This study showed an increased incidence of renal disease, urolithiasis, renal failure (both acute and chronic) and UTIs, specifically lower UTIs, in relation to daily temperature (maximum, minimum and average). Inpatient and ED admissions for total renal disease, renal failure and AKI increased with daily maximum, minimum and average temperatures, and ED admissions for CKD increased with minimum temperature. The results for total renal disease and AKI are consistent with previous studies in Adelaide and Sydney [4, 10, 12, 43]. An increase was also found in inpatient admissions for UTIs and LUTIs in association with increasing temperature. Older patients are normally more prone to UTIs, and concurrent dehydration stress could predispose them further [41]. We did not find a significant increase in UTIs in the population aged over 65 years, however this may have been due to a decrease in statistical power because of sample size. ED and inpatient admission rates for urolithiasis increased with higher temperatures. Australian studies have demonstrated seasonal variation in the incidence of renal colic – highest in summer and autumn [27, 28, 45], which is consistent with our findings. Admissions for AKI showed the greatest increase in relation to heat exposure with maximum, minimum and average daily temperature. Dehydration has a stronger established link with AKI [46]. Comparable effects of temperature on renal failure (AKI and CKD collectively) were observed, which were likely due to the increased AKI admissions. On a similar note, as the large majority of total renal disease cases were AKI and urolithiasis, these admissions are likely to explain the increased admissions for total renal disease with heat exposure.

High temperatures are believed to predispose to renal disease due to heat-induced sweating, leading to decreased extracellular fluid (ECF) and subsequent dehydration [14]. In the case of urolithiasis, low ECF leads to increased secretion of vasopressin. Vasopressin promotes reabsorption of water from renal filtrate causing increased urinary concentration. This increases the concentration of calcium and uric acid, predisposing to supersaturation of these solutes and hence accelerating the rate of stone formation [14, 25, 41, 47]. Stones can grow over hours in an appropriate urinary environment [48]. Low ECF, with subsequent decreased blood volume, results in less blood being filtrated by the kidney and hence a decreased glomerular filtration rate. This can lead to AKI [46, 49]. Studies have shown dehydration is linked to a higher risk of both AKI and CKD [45, 50]. Whilst there is evidence to suggest a positive association exists between dehydration and CKD, including an Australian study, a precise mechanism has not been established [41, 45, 50, 51]. A proposed mechanism is that prolonged elevated vasopressin secretion, induced by chronic dehydration, contributes to progressive tubulointerstitial damage, predisposing to CKD [41, 52]. A USA study showed increased admissions for UTIs during heatwaves [3]. Chronic low urine output, which can result from decreased urine volume secondary to dehydration, has been linked to a higher risk of UTI [41]. Hypothesized, but unproven, mechanisms for this observation stem from decreased water within the urine. This leads to increased bacterial concentration (predisposing to infection) and increased urine osmolality with subsequent urine acidity that promotes bacterial adhesion to the urinary epithelium [41]. Decreased urinary volume can also result in less “flushing out” of bacteria [41]. These mechanisms for dehydration resulting in renal disease are outlined in Fig. 5.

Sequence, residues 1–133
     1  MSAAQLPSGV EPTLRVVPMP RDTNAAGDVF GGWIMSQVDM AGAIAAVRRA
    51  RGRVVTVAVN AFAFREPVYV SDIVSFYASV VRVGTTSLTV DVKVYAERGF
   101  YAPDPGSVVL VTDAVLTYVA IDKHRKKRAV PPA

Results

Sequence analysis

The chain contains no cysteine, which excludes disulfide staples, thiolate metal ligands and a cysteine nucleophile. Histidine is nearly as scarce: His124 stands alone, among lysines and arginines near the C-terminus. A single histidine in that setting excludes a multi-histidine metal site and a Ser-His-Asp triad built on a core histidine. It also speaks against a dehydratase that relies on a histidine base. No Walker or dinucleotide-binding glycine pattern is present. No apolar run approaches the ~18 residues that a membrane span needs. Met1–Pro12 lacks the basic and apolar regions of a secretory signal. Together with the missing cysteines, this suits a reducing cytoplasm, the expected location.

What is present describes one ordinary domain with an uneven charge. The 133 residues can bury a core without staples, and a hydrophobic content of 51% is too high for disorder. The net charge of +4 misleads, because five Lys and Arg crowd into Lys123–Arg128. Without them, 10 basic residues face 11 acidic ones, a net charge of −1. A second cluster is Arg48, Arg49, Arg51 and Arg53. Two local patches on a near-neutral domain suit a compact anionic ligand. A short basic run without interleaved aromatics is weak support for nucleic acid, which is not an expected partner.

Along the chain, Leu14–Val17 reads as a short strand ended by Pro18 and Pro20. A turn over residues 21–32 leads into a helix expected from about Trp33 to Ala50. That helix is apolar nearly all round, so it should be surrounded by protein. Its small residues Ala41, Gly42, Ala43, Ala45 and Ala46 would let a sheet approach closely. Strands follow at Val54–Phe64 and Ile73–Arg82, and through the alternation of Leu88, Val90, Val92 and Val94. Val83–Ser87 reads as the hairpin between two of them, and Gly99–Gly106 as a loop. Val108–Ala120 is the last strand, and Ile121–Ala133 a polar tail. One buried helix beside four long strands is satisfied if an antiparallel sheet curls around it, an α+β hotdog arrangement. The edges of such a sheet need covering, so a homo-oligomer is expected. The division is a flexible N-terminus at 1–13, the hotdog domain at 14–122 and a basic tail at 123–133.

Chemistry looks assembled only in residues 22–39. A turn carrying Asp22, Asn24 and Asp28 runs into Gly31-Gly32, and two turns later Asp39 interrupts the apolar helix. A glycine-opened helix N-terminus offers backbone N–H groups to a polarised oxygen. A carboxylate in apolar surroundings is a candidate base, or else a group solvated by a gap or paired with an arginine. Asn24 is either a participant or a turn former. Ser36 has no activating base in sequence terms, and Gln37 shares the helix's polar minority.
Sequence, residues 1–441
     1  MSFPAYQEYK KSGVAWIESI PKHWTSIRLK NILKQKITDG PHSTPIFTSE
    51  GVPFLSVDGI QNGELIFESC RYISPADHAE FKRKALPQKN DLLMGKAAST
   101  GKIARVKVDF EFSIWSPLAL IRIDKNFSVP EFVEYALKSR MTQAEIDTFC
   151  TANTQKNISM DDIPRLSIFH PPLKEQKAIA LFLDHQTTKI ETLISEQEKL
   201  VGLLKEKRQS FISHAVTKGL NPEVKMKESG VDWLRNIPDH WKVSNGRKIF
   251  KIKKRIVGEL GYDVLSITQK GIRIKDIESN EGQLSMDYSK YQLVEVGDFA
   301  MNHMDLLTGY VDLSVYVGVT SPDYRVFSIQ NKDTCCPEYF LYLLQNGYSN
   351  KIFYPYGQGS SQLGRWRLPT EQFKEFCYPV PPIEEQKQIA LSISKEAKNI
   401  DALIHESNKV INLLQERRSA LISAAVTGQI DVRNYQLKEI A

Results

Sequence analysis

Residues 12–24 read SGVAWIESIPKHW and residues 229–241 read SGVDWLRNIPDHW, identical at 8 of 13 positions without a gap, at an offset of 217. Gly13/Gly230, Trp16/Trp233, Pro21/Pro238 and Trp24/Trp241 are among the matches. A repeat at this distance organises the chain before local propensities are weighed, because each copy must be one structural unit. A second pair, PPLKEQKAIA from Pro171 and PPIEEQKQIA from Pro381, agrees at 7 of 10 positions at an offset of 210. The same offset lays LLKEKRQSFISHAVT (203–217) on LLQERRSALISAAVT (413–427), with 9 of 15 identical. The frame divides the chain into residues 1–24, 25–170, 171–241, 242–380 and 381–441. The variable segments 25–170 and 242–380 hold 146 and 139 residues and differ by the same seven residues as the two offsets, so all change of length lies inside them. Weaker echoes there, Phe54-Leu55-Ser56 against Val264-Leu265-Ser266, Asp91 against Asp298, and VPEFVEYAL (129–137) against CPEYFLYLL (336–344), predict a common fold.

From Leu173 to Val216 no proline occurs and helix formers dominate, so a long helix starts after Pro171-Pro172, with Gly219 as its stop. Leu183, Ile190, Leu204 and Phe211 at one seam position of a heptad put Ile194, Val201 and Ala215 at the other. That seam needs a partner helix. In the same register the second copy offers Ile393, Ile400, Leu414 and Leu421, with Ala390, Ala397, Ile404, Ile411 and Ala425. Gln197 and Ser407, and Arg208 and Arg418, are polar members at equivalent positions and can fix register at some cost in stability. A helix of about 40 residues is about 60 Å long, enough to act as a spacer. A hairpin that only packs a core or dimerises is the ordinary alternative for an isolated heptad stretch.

Fig. 5

Proposed mechanisms for heat exposure leading to renal disease. Heat exposure can induce sweating, leading to decreased extracellular fluid (ECF) with subsequent dehydration. This can lead to renal disease by a variety of mechanisms [14, 41, 49]

CKD was the only renal category in this study that required a lag period in order to indicate a statistically significant increase in admissions. This may reflect the chronic nature of CKD in which the clinical effect of worsening renal function secondary to dehydration does not present immediately but rather predisposes to an admission approximately 1–3 days later.

The effect of increasing temperature on ED admissions for urolithiasis was higher in males than females. This is consistent with the observation that men are more likely to develop calcium and uric stones and that stones can develop quickly following acute heat exposure [14, 47, 53]. This increased risk is amplified with increasing temperature. [14]. In contrast, the effect of increasing temperature on ED admissions for UTIs and LUTIs was only apparent in females. This was probably because females are at greater risk of developing UTIs; one study showed they are 50 times more frequent in adult women without accounting for heat exposure [41].